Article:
5. Ranking. Although it’s encouraging to see right-of-way usage, visual impact and innovative technologies among the six criteria by which projects would be ranked, there is no mention of how the criteria would be weighted in the selection process. What might be most important to the PSC or NYISO could negatively impact the valley’s economic vitality.
6. Cost allocation. Based on cost allocation proposed in the new document, ratepayers in the area to be economically hardest hit by a new transmission project—the Hudson Valley—also must pay the lion’s share of the costs of selected projects, as well as the vast majority of cost overruns and likely all the expenses of unsuccessful applicants. Having the public assume 80 percent of the financial burden of cost overruns incentivizes developers to come in over budget and discourages efforts on their part to cut costs.
TIME IS SHORT, SO PLEASE DON’T DELAY!
Incredibly, Friday is the deadline for commenting on this new proposal via the PSC’s website. We’ve done everything we can to make this easy including shortcuts and links here. Please let the PSC know that this “revised” proposaldoes not address the major concerns of Hudson Valley residents, homeowners, farms and small businesses that depend on preserving the Hudson Valley !
YOUR ACTION IS URGENTLY NEEDED TODAY — ONLY FOUR DAYS LEFT!
1. Write to the Public Service Commission! Please let the PSC know TODAY that this proposal does not address the major concerns of the Hudson Valley people, AND reiterate “No Monster Power Lines” in the beautiful, scenic and historic Hudson Valley. This link (or the big yellow button below) will take you directly to the Case Matter for this proceeding so that you can enter your comment into the official public record. To see all of the comments and documents associated with this proceeding, link here: http://tinyurl.com/psccomments.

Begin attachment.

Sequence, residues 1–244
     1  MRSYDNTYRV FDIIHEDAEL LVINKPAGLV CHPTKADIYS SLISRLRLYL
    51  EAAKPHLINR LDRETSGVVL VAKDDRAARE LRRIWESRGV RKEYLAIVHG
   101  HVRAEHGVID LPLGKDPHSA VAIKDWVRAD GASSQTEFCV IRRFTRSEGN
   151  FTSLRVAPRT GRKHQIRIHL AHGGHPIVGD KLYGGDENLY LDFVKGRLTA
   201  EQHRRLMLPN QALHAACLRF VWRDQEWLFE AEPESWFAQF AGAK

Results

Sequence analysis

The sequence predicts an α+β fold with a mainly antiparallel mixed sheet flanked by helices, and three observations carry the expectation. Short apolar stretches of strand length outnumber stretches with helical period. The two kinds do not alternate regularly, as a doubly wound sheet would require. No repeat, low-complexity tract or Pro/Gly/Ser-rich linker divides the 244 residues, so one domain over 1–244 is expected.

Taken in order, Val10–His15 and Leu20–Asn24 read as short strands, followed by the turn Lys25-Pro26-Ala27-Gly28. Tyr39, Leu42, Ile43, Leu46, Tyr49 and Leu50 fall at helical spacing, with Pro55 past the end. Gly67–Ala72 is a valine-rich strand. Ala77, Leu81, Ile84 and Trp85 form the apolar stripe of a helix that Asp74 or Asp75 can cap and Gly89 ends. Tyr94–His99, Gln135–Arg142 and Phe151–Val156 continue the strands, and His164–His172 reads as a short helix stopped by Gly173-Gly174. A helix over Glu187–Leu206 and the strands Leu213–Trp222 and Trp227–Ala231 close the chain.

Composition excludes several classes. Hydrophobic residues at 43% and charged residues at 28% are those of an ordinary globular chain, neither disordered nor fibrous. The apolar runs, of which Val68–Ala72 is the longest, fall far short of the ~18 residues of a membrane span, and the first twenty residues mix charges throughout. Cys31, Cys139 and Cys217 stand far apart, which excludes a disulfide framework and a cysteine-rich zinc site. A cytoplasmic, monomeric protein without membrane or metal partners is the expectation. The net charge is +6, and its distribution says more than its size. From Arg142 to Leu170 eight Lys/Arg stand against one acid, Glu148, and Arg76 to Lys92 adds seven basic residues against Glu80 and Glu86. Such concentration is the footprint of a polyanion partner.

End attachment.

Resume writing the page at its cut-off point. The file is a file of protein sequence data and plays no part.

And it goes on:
2. Write to Governor Andrew Cuomo and tell him to save the Hudson Valley from destructive proposals. If more electrical power is really needed (and this is still questionable according to many experts) there are much better options and solutions than destroying the Hudson Valley’s tourist based economy.
3. “Like” and “Follow” our Facebook page to keep current on news as it develops. We need to keep the pressure on!
4. Share this email with as many people as you can. The word-of-mouth multiplier effect can help save the Hudson Valley!
|If allowed to proceed as proposed, bidder’s current plans COULD STAND, including National Grid’s 130-165 foot Monster Power Lines, which would cause significant scenic destruction throughout the beautiful Hudson Valley. (The mere proposal of it is already devastating property values!)
Summary of four urgent actions to take today!
- Speak out to the Public Service Commission. Use this form; click here. Examples of public comments can be seen on the public comment tab here.
- Write to Governor Cuomo and ask for his help!
- Follow our No Monster Power Lines Facebook Fan Page. Click here.
- Forward this email to as many people as you can. Share links are provided below.